A rather unsavory character, Dr Johannes Lerle, was jailed in Germany for violating their laws against neo-Nazism and Holocaust denial. I discussed this earlier this week, and as
Gerard Harbison and Andrew Brown have recently pointed out, he was not a very nice man at all…a bit of a kook, really.

Dr Lerle is an unabashed and deeply anti-semitic holocaust denier. He takes the view that the only good Jew is a Christian convert. All others are children of the devil: “Jews” with scare quotes round them, to distinguish them from Christians. Those “Jews”, his website explains, control the world’s press, and the American government, are murderers, hypocrites, liars and bent on world domination for religious reasons. All this and more is on his website but it’s in German – a language few Americans read.

Now here’s the weird twist and the reason I’m mentioning it here: Bill Dembski claims that this is an instance of the persecution of an Intelligent Design advocate. Even more confusingly, Dembski leapt to this conclusion because he heard that Lerle had been jailed for being against abortion. There’s nothing there about evolution or Intelligent Design — it’s all an anti-Semitic rant that babbles on about stopping abortions.

That’s an oddly convoluted leap of logic from Dembski that I don’t understand. Are we to assume that if a religious loon hates Jews and considers abortion and birth control to be anti-Christian conspiracies that will allow the hordes of Islam to overrun the country, he must also be a fellow traveler with the Intelligent Design creationists? Are these fairly common tenets among the fellows of the Discovery Institute? Where does he come up with the idea that this rather ugly story implies that teaching ID is a crime against humanity?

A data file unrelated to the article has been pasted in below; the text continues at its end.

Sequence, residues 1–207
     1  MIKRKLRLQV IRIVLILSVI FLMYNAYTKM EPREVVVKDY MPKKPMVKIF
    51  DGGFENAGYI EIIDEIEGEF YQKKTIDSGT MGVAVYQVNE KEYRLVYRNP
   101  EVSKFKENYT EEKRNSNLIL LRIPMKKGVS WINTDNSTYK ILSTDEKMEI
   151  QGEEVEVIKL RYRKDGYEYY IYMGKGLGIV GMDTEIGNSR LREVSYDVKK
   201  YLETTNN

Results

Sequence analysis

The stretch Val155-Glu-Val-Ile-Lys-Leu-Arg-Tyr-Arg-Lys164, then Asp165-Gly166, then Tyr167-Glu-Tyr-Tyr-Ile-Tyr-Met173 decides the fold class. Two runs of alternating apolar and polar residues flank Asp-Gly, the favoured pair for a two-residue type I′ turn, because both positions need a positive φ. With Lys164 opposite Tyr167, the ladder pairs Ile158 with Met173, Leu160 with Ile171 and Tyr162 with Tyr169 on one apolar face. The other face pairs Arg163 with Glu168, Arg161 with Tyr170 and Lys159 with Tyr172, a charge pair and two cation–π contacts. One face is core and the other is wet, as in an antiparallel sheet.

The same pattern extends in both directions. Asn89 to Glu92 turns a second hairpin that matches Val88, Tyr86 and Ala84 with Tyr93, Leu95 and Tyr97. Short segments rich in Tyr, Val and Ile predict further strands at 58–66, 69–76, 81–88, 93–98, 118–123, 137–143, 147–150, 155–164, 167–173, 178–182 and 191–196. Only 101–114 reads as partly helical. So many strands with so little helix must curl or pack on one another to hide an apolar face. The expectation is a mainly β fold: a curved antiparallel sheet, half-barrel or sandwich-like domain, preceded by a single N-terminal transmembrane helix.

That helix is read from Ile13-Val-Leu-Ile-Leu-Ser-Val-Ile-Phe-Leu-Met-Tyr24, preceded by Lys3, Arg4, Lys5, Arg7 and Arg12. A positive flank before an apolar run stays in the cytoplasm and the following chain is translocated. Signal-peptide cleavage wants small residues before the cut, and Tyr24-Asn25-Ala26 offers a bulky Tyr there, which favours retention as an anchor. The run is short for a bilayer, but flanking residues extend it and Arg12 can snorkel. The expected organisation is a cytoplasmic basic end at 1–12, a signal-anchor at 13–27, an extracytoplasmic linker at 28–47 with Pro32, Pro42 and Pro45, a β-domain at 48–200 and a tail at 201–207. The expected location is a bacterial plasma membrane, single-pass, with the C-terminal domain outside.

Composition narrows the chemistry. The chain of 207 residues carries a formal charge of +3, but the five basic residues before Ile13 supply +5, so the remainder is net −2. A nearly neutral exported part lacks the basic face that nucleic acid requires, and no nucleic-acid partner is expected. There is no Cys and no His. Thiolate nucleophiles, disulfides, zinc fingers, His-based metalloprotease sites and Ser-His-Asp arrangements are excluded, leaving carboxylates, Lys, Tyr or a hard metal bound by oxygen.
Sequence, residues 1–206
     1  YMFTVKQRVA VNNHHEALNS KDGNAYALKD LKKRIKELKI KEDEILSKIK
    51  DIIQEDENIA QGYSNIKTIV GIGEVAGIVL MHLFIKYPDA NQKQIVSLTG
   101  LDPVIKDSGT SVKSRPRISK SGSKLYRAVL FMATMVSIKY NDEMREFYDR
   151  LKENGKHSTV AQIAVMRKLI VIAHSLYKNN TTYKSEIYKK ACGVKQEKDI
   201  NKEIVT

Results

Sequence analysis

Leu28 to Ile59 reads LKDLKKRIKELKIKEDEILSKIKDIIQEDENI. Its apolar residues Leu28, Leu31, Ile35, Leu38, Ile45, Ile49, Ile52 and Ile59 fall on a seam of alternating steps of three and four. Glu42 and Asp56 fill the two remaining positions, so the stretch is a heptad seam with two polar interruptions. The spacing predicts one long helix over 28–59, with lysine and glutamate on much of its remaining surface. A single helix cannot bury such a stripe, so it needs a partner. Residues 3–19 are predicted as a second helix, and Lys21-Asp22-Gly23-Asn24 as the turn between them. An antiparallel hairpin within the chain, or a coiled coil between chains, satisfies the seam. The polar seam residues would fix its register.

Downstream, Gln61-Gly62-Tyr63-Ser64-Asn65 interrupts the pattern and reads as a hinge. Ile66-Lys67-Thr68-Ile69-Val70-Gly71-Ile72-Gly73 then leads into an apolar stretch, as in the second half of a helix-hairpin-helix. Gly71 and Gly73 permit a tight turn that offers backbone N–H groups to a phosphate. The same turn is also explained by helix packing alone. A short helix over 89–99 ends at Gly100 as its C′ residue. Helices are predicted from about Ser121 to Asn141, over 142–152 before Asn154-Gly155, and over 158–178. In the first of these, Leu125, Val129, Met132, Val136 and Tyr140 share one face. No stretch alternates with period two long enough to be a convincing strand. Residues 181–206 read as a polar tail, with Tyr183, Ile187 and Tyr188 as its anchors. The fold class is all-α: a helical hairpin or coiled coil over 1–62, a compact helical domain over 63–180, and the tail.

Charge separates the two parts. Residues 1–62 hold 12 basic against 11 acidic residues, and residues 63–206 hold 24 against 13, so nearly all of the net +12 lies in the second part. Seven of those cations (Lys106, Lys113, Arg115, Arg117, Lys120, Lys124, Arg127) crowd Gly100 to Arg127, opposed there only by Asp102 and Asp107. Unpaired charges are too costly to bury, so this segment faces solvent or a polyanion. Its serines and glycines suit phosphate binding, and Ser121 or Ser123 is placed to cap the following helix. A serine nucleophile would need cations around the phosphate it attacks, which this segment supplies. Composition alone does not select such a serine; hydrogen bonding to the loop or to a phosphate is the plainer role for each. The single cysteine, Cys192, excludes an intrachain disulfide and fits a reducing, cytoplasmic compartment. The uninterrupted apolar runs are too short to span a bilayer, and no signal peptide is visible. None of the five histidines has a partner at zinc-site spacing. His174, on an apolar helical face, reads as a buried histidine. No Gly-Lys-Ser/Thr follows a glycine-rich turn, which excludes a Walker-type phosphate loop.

I don’t see the connection. I’ll be charitable and assume that his martyr complex is simply and generically inflamed so that whenever he sees anyone getting arrested, he takes it personally.

Just a hint, Bill—it would have been funnier if you’d gotten upset at Paris Hilton’s imprisonment as representative of the persecution of creationists. Lerle…not funny. More than a little unpleasant, actually, and not the kind of frothing rabid religious fanatic you really want associated with your cause, I don’t think. Although, say, how’s Howard Ahmanson doing?


  1. #1 cbutterb
    June 30, 2007

    The problem is, of course, almost any inflammatory or controversial speech could be conceived of as slander against someone. I’ve encountered this before as a reason to ban (via Constitutional Amendment!) flag desecration in the U.S.: If you burn a flag, it allegedly somehow exceeds the bounds of mere expression of opinion and becomes a spectacle so heinous and personally insulting that veterans can’t possibly be expected to withstand the sight of it. The symbolic act becomes slander independently of the actual content or intent of the speech, based solely on the perceptions of those it offends.

    Reasoning this way, it’s not hard to imagine a chilling effect on speakers such as, say, Richard Dawkins: Why, think of all the saints and martyrs he’s implicitly slandered, what with his impudent talk that they died for a delusion!

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